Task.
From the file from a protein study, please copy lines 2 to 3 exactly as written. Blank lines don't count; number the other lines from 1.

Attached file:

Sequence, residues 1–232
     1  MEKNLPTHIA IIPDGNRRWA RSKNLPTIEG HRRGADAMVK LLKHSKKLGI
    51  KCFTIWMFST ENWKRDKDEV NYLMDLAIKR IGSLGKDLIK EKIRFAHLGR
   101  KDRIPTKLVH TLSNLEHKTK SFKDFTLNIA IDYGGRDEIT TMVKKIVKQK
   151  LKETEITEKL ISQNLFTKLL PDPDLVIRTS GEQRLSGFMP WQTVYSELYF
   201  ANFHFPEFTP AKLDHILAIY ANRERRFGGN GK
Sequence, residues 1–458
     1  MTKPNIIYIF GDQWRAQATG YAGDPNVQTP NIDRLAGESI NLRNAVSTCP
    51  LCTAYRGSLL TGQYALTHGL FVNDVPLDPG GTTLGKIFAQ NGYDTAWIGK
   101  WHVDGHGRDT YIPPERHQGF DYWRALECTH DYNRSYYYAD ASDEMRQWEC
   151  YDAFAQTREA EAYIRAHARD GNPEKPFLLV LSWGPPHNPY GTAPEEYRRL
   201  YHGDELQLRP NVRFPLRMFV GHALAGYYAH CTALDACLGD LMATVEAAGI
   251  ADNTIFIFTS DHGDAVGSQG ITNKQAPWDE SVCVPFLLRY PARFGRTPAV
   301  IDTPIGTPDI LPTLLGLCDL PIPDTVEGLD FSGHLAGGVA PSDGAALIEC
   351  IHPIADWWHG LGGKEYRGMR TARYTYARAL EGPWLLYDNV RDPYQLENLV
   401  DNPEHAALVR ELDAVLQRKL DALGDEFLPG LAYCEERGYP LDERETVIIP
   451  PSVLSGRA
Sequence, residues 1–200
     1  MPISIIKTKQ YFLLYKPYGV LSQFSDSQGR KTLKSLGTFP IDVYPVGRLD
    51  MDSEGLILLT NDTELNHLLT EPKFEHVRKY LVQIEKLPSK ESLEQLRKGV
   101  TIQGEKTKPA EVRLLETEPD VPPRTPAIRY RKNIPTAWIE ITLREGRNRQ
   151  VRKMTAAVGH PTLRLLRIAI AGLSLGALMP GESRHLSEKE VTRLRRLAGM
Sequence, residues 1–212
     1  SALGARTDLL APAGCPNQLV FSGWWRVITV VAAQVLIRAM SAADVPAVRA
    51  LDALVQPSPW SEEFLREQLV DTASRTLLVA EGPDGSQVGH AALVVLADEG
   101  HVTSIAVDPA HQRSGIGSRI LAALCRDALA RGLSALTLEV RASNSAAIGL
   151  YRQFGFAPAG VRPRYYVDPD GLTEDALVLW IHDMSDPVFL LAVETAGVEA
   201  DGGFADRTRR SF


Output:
     1  MEKNLPTHIA IIPDGNRRWA RSKNLPTIEG HRRGADAMVK LLKHSKKLGI
    51  KCFTIWMFST ENWKRDKDEV NYLMDLAIKR IGSLGKDLIK EKIRFAHLGR